A Digital Catalogue of the
Pre-1500 Manuscripts and Incunables of the
Canterbury Tales
Second Edition
Location:  LondonBritish Library Royal MS 17.d.xv
☙       ☙       ☙
1. Canterbury Tales (mutilated: contains I 69-X449; DIMEV 6414): fols. 1r-301r
2. “Somnium vigilantis” (by John Fortescue? Latin-English-French, after 1459; begins: “[?] the whiche bene lyke to fall with oute a direcciou[n] be had on this”; IPMEP 539note): fols. 302r-310r
3. “Declaration upon Certayn Wrytinges Sent Oute of Scotteland,” by John Fortescue (after October, 1471; begins: “A lernid man in the lawe of this lande Come late to s[er] the same sir…”; ed. Clermont 1869; IPMEP 10): fols. 311r-326r
4. “The Balet of the Kynge” (poem on Edward IV’s return to London, 1471; begins: “R[4-line]emembyr wt reu[er]ens the maker of mankynde”; DIMEV 4464): fols. 327r-332r
5. Prescription for toothache (ca. 1500; “Take Smalage . Sage. to or iij clowes of Garlyke . And mynce them to gedyr and | put there to a lytyll salt. then bynde it in a lynene cloth to the quantite of a lyty[l?] | walnote and sey ane p[[ate]r n[oste]r & amp;ane ane in the worship of god & Seynt Appolyne | and one crede and ley it to the sore tothe be twyne the lyppe & the gume. W[hethyr?] | it be beneth or aboffe. & let it ly ther one houre. whethyr he be slepyng or [?]): fol. 332v
6. “Boke of Kervyng & Nortur” (by John Russell; DIMEV 2556): fols. 333r-348r
Similar to d but with different system of links (view in DIMEV): I Gam II Va IVb III IVa(-link) Vb VIII VI VII IX X
Progress of Copying: 
The explicit for CkT and incipit for Gam read “Her endeth o tale of the Cooke & her folowyth a nother | tale of the same cooke” (fol. 66v). On fol. 175v, the scribe omits IV 1170 (the reference to the Wife of Bath), leaving a blank line. Fol. 176v has only the final five lines of the Envoy, with the rest of the page and probably the following leaf ([15].11, now missing) left blank. FkT begins at the top of fol. 168r, without incipit. CYT, PhT, and PdPro & T all have incipits and explicits written in the margin. At the end of PdT no explicit is provided, but a space of about fourteen lines is left blank (fol. 227v); ShT begins at the top of fol. 228r without incipit. The explicit to ShT and incipit for PrPro are in the text, but the explicit to PrPro and incipit for PrT are again in the margin (fol. 234v), as are the explicit for PrT and incipit for ThopPro (fol. 238r), the explicit for ThopPro and incipit for Thop (fol. 238v). Scribe 2 originally left half of fol. 241r and two-thirds of the verso blank. On the verso, he wrote “Here endithe the tale of sir thopas by Chaucer | and begynnythe þe p[ro]log of melibe & prudence,” followed by the Host’s interruption. On fol. 242v, the explicit and incipit are again in the gutter, and this format continues. At the end of NPT, the NP “Epilogue” is included in this MS (a feature of the a MSS), but is followed by MancPro.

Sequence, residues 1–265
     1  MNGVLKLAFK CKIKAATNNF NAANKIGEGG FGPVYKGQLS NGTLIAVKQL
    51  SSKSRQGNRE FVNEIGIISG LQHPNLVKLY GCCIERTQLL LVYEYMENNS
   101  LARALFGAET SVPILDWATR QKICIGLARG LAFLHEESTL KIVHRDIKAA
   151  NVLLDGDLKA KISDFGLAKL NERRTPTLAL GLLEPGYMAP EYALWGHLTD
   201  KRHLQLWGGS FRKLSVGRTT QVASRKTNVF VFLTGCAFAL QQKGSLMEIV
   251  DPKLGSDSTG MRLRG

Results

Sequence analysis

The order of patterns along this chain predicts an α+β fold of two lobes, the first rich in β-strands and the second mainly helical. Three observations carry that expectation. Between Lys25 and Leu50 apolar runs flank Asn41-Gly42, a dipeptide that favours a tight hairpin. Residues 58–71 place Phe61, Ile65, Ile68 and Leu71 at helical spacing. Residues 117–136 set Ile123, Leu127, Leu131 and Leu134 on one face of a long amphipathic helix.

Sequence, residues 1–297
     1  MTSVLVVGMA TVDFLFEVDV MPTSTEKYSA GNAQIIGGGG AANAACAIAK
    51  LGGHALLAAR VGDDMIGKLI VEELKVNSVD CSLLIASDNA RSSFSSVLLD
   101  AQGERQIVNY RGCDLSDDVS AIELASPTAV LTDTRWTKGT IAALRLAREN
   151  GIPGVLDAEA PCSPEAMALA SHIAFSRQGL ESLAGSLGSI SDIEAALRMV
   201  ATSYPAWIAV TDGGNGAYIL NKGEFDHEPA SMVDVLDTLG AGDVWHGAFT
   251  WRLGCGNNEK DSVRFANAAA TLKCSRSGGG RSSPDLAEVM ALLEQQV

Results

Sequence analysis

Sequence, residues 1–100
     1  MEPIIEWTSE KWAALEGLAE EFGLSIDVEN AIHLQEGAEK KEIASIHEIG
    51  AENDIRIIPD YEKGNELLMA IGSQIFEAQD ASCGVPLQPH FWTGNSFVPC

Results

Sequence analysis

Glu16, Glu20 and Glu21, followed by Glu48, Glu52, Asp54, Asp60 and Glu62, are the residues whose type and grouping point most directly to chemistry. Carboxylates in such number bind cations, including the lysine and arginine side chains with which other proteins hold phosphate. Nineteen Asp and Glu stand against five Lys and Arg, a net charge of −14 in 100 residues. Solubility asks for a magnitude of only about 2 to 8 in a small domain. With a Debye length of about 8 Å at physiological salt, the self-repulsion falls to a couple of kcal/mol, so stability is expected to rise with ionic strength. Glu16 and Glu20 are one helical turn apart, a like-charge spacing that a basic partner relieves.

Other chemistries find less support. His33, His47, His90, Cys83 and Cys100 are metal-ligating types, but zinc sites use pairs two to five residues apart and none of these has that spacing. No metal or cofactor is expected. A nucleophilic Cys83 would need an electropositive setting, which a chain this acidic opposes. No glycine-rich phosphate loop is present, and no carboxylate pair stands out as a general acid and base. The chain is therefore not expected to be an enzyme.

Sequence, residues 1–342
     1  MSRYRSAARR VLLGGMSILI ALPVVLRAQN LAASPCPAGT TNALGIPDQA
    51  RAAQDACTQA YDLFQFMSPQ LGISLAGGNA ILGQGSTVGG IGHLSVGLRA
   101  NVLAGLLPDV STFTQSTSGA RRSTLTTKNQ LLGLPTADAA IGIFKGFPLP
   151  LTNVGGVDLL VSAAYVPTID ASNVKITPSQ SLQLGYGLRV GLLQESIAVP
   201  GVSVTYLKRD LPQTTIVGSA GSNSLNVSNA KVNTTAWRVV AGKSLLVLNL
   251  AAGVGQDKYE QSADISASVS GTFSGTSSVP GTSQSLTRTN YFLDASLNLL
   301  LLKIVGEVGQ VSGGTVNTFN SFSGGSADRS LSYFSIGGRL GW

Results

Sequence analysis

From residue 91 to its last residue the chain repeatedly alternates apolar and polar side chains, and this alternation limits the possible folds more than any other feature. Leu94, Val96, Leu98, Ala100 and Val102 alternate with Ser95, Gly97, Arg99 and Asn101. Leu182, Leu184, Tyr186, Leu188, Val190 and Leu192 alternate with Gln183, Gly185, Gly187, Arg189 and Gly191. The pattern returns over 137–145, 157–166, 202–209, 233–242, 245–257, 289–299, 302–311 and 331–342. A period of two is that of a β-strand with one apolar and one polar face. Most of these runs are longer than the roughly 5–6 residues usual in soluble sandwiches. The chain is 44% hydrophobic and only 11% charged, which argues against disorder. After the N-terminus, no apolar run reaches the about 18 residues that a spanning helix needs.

Paper, 2°. Gilt edges.
For illustrations and analyses of the paper stocks in the manuscripts of the “Hammond Scribe” see also Mosser 2007.
Paper stock(s):
The Canterbury Tales section:
1. Bull’s head (“Tête de Boeuf”), similar to Briquet 15054 (1441-1445), centered between chainlines 3.8 cm apart. The mark is 6 cm long by ca. 4 cm at its widest point: fols. 1-272
2. Arms of Valencia (“Armoiries Deux Pals”), very similar to Briquet 2064 (1464), but each tip of the crown has a series of three circles (cf. Ad¹, Hl², and Ma: fols. 273-284
3. Scissors (“Ciseaux”), similar to Briquet 3694 (1433-34), but with different chainline widths and the detached element more upright; cf. Papiers Briquet 6622 (Catane 1463: SCISSORS.066.1). Cf. also Wasserzeichenkartei Piccard (Hauptstaatsarchiv Stuttgart) “Shere – Scheidershere mit Beizeichen,” number 122557, Genova 1476. Chainlines are 3.5 and 3 cm apart, with the middle chainline bisecting the mark. The scissors element is 5 cm long: fols. 285-301
The remaining (later) portion of the volume:
5. Unicorn (“Licorne Simple”), closest to Briquet 10015 (Dijon 1448; group vars. 1440-50), but the tail is more like that of Briquet 10014 (Paris 1446) and 10024 (Cuy 1477). See also UNI.001 and UNI.002 in the Gravell Archive) from Caxton’s first edition of the Canterbury Tales (STC 5083, [1476/77]). Chainlines are 3.8 and 3.6 cm apart, and the relationship of the mark to the chains is as in Briquet 10015. Chainlines are 3.8 and 3.6 cm apart (this paperstock also occurs in Sl³): fols. 302-310
6. Unicorn (“Licorne Simple”), the twin of the preceding mark. Very close to Papiers Briquet 13247 (Saint-Omèr 1469).
7. Unicorn (“Licorne Simple”), near Briquet 9997 (1477-1478), but the mark is 9.4 cm long, while the Briquet mark is only 8.3 cm. Both have chainlines 3.6 cm apart, and the orientation is identical to the Briquet mark (very close to another paper stock used in Sl³; also similar to a paper stock found in Caxton’s Chronicles of England [STC 9991; 10 June 1480]): fols.311-316; 333-348
8. Anchor (“Ancre”), very near Piccard “Anker,” II.704-707 (1474-1478): fols. 327-332.
Page Size:  
28.3 x 20.8 cm (“Chancery”). Between fols. 285-311 the pages are very damaged, with up to half of some pages having been lost and patched with modern paper.
There are two foliations in CT: the older, starting at “51,” reflects the period during which the non-CT pieces were bound at the front, the more recent records the ordering in the current binding, which places those materials as fols. 302-348 at the back. The collation below follows the modern foliation.
[1]12 (–1) fols. 1-11
[2-12]12 fols. 12-143
[13]12 (–3) fols. 144-154
[14]12 fols. 155-166
[15]12 (–11) fols. 167-178